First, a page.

WHEREAS, in 2001, Dr. Dorsey joined the staff of the Delta Research and Cultural Institute (DRCI) at Mississippi Valley State University, where she has been very instrumental in leading the cause for diversity at the “Valley of Scholars”; and

WHEREAS, Dr Dorsey is recognized as one of Mississippi’s living legends and is a true advocate of community involvement; and

WHEREAS, Dr. Dorsey has been recognized for her longtime civil rights activism and commitment to education by the following recognitions: recipient, The Lifetime Achievement Award, Mississippi Chapter, National Association of Social Workers, Jackson, Mississippi; recipient, The Harriet Tubman Award, The Magnolia Bar Association, Jackson, Mississippi; recipient, “Long Distance Runner Award,” “Distinguished Social Award,” The Jackson Chapter, National Association of Black Social Workers, Jackson, Mississippi; induction into the Hall of Fame, National Museum of the Voting Rights, Selma, Alabama; recipient of Certificate of Appreciation Mississippi Community Foundation during the Freedom Summer 30th Year Anniversary; recipient of the Mississippi State Health Officers Award for Outstanding Services in Health Promotion; and a member of The President’s Health Care Reform Professional’s Review Committee, William Jefferson Clinton, President; and

WHEREAS, Dr. Dorsey is a renowned author of numerous books, including, but not limited to, Southern Journey; Local People, This Little Light of Mine and Free at Last; and WHEREAS, Dr. Dorsey’s commitment to academic and professional excellence and her willingness to share her own story to encourage others of all races and backgrounds to succeed makes her an extremely valuable resource at MVSU and for the State of Mississippi: NOW, THEREFORE, BE IT RESOLVED BY THE SENATE OF THE STATE OF MISSISSIPPI, Dr. L.C. Dorsey for her tireless efforts in the pursuit of excellence in education and commitment to positive advancement of diversity atMVSU, in the Delta Community, and in the State of Mississippi. BE IT FURTHER RESOLVED, That this resolution be presented to Dr. Dorsey in recognition of her commitment to diversity and higher education, be forwarded to the Board of Trustees of State Institutions of Higher Learning and the President of Mississippi Valley State University, and be made available to the Capitol Press Corps.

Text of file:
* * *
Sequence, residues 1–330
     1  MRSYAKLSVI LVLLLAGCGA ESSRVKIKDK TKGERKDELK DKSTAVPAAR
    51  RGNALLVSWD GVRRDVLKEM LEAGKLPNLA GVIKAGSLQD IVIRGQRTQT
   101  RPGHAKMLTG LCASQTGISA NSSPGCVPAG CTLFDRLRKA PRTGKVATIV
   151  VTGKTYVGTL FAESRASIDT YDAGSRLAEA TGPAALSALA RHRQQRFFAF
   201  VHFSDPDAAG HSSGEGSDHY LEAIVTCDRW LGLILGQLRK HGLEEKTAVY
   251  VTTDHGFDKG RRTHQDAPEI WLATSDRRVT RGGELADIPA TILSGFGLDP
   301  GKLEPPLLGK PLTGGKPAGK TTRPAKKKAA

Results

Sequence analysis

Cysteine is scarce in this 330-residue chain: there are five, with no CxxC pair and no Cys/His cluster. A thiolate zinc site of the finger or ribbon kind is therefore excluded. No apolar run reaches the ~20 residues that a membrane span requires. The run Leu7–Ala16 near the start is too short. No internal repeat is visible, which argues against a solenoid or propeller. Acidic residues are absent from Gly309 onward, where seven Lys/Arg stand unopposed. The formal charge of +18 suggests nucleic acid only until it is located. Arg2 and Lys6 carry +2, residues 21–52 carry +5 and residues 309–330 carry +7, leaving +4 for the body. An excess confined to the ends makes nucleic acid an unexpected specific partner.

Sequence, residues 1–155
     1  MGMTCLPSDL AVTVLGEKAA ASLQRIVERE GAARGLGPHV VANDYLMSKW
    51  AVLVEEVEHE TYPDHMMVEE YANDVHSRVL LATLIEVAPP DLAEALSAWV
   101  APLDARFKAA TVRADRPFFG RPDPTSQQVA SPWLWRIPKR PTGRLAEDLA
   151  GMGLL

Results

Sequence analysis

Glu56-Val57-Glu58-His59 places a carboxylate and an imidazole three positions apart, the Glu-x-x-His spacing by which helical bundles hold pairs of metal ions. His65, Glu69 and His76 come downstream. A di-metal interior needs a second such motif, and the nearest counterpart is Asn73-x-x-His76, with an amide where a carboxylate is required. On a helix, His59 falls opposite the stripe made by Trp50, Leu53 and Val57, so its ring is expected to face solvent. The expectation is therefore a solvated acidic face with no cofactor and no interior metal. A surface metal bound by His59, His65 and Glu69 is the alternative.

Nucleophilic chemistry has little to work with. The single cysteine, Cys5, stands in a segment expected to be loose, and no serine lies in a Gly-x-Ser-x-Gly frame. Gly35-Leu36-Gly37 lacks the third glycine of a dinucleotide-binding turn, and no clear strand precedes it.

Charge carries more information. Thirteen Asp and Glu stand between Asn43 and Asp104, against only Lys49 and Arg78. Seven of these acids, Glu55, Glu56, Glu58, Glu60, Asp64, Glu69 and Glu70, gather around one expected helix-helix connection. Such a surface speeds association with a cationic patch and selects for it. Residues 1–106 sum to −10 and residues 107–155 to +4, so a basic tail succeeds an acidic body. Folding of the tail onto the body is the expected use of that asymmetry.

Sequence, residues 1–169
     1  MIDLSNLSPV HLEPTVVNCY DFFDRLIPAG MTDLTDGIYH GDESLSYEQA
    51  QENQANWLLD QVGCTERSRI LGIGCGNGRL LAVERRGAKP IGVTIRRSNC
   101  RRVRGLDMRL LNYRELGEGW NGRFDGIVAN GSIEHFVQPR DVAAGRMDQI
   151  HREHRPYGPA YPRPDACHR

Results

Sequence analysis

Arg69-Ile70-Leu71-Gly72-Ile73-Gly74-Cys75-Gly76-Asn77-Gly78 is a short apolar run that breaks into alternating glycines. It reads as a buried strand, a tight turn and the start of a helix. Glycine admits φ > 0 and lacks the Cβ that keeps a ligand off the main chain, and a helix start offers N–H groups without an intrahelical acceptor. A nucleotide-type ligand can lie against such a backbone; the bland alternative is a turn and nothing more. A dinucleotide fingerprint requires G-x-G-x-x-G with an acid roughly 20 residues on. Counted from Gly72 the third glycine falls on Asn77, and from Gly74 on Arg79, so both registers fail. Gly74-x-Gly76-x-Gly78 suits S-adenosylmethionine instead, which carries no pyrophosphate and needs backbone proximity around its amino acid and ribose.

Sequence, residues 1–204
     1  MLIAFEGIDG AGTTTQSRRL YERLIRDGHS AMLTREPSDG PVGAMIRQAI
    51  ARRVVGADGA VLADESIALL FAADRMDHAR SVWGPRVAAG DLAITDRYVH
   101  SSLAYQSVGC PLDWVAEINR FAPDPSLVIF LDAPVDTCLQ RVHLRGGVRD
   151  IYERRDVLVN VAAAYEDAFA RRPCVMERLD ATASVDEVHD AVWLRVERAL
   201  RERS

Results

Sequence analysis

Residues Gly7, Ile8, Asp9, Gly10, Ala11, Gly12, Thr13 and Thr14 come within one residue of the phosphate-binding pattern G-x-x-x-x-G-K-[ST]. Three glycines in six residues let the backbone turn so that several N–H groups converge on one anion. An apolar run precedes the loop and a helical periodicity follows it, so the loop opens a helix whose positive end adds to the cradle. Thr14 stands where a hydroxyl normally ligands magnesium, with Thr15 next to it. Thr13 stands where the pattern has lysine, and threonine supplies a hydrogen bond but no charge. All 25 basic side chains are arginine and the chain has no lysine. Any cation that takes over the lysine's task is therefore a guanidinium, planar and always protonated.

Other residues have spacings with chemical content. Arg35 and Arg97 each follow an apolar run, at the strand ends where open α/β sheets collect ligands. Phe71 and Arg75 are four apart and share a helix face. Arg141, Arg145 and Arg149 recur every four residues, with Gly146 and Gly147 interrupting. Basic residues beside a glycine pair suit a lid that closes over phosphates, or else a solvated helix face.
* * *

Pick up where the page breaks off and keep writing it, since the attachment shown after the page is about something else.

Since 2005, Dr. Dorsey has received many more accolades for her devotion to Christian service, including the Fannie Lou Hamer Award presented by the Fannie Lou Hamer Institute at Jackson State University. A few years ago, she wrote a major piece on her mentor, Fannie Lou Hamer, which was published in the Advocate. There is even an award named for Dr. Dorsey by the Mary S. Nelum Foundation.

After retiring in 2006, Dr. Dorsey spent the majority of her time gardening, speaking, reading and counseling others. A charter member of the Mississippi chapter of the National Association of Black Social Workers, Dr. Dorsey was also a member of the National Association of Social Workers, the Mississippi Conference on Social Welfare, the Mississippi Association of Public Health, the American Public Health Association, the advisory committee of the W.K. Kellogg Fellowship Program in Health Policy Research (Washington, D.C.), Southern Black Women for Economic and Social Justice, Children’s Defense Fund (CDF), Mississippi Families for Kids (Jackson, MS), and several other state and local organizations whose missions include changing the environment and lives of people who are affected by negative social conditions, such as poverty, inadequate education, and/or racism.

Supporting L.C. Dorsey’s later life community work was her late husband, Richard Young, JD, MSW. She is survived by six adult children and seven grandchildren, and one great grandchild.

Editor’s Note: Dr. L.C. Dorsey is largely responsible for the resurgence of the Jackson Advocate in the late 1970s. Her moral and financial support of the newspaper since that time has enabled us to provide valuable information to the public. Although we met on few occasions, her influence on the work we do was felt every day. The plant she gave me when the Charles Tisdale died in 2007 just lost its last leaf. However, what else she gave me that day and since, which was a sense of purpose, will continue to inspire me to strive to do more. L.C. was a counselor, a friend, a comrade in the struggle for equal rights and self-determination. We will  miss her warm smile.